Sen. Lindsey Graham (R-S.C.) has lost just about all viability as a presidential candidate in his home state, with nearly 8 in 10 Republican primary voters in South Carolina now saying that he should drop out of the race for the White House.
According to a poll released Wednesday by Public Policy Polling, a private firm that typically works with Democratic clients, only 15 percent of Republican primary voters in South Carolina think Graham should continue on with his campaign.
In a hypothetical Republican primary horse race, Graham manages to only capture 3 percent of the vote, placing him in a four-way tie with former Arkansas Gov. Mike Huckabee, Wisconsin Gov. Scott Walker and Sen. Rand Paul (Ky.).
Given a choice between Graham and real estate mogul Donald Trump, 72 percent of the state's GOP primary voters said they would go for Trump, compared to just 20 percent for Graham. Trump is currently polling highest of all presidential candidates among South Carolina Republicans, with 37 percent of the vote according to PPP.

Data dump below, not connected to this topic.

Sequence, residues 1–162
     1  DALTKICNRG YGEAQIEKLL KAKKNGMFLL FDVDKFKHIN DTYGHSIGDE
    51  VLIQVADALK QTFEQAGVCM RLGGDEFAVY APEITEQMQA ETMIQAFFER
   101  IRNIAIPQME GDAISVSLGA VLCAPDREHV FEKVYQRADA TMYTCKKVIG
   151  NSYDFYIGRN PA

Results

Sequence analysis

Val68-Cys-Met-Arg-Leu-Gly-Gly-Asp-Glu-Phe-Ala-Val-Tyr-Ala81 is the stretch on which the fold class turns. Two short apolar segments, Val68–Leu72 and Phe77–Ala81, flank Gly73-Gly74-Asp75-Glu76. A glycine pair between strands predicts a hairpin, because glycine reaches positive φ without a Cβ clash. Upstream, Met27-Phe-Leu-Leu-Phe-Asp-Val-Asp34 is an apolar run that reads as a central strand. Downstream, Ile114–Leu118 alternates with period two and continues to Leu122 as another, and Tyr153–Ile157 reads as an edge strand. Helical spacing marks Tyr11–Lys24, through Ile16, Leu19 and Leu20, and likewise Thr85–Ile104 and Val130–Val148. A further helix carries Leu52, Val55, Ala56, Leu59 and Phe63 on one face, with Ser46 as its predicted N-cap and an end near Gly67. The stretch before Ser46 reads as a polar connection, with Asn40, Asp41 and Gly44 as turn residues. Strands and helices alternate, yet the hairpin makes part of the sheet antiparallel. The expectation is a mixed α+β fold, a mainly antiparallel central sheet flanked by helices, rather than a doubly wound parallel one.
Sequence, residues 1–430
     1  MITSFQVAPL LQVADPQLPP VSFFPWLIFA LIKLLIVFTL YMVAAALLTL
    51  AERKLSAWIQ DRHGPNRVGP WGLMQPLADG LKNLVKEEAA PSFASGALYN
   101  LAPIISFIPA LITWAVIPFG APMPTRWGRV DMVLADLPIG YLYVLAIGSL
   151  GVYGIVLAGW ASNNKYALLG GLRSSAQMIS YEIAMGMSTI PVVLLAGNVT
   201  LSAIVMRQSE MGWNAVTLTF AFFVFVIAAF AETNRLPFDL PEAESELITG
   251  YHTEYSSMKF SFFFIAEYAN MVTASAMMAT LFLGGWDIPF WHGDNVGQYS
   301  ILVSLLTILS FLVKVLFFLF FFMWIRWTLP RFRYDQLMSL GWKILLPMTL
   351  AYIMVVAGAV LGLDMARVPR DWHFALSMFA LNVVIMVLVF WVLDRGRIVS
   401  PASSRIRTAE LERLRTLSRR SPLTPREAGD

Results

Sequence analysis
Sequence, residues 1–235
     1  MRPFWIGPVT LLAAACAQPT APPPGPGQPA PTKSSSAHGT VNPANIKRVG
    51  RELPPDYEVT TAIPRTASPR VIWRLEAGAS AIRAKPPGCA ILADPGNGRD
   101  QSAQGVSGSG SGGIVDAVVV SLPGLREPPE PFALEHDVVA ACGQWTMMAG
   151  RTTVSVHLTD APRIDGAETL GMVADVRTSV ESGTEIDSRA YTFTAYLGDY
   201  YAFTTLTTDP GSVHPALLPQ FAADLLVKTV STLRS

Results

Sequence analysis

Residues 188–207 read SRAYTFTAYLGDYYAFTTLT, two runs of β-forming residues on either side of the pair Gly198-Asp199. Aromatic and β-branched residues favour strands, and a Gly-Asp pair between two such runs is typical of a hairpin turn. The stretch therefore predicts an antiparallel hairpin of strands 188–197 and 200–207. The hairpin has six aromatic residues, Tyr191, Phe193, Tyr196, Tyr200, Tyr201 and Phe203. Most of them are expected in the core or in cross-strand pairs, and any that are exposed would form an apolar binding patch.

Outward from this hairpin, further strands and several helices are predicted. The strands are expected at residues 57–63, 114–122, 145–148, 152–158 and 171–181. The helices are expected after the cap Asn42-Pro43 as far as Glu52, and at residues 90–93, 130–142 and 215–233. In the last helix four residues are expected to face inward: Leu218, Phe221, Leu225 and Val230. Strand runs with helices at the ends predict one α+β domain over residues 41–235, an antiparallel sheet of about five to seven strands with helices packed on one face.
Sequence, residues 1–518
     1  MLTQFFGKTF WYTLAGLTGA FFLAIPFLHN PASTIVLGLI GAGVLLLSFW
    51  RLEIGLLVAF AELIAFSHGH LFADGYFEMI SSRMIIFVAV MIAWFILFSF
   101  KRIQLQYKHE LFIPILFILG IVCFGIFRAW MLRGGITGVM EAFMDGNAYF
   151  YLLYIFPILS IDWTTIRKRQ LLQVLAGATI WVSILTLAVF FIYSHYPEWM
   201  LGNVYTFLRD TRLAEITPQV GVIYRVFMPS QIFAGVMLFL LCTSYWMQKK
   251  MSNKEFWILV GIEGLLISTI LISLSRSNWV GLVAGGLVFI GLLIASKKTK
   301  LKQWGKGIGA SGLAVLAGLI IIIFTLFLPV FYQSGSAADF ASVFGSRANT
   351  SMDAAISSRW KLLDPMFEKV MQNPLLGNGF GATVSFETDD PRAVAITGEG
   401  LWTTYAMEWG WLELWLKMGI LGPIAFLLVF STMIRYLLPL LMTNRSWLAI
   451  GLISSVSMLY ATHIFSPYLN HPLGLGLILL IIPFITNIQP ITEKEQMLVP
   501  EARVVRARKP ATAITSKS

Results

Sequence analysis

The survey finds that Graham's presidential run may have also damaged his image in the state. In February, months before Graham announced his candidacy, PPP measured his approval rating at 54 percent among South Carolina Republicans. Since then, it's fallen to 36 percent. More people have grown to dislike Graham since then as well. Fifty-one percent of state Republicans disapprove of him now, compared to only 29 percent in February.
A Monmouth University poll conducted in South Carolina in August also found Graham struggling to stay afloat. He captured just 4 percent among the state's Republican primary voters in that poll, and only 35 percent reported having a favorable view of him, compared to 50 percent who said they had an unfavorable view.
Nationally, Graham is doing even worse. With just 0.2 percent of the vote, he barely registers on the HuffPost Pollster National GOP Primary chart, which aggregates all available polls.
Historically, no candidate from an early primary state has ever won the presidency.
Graham, a moderate on non-defense issues and a longtime member of Congress, faces a tough primary race in an election cycle where Republican voters have expressed an aversion to established Washington candidates and a preference for more conservative platforms.
PPP surveyed 764 likely Republican voters in South Carolina using automated telephone interviews and online interviews, Sept. 3 through Sept. 6.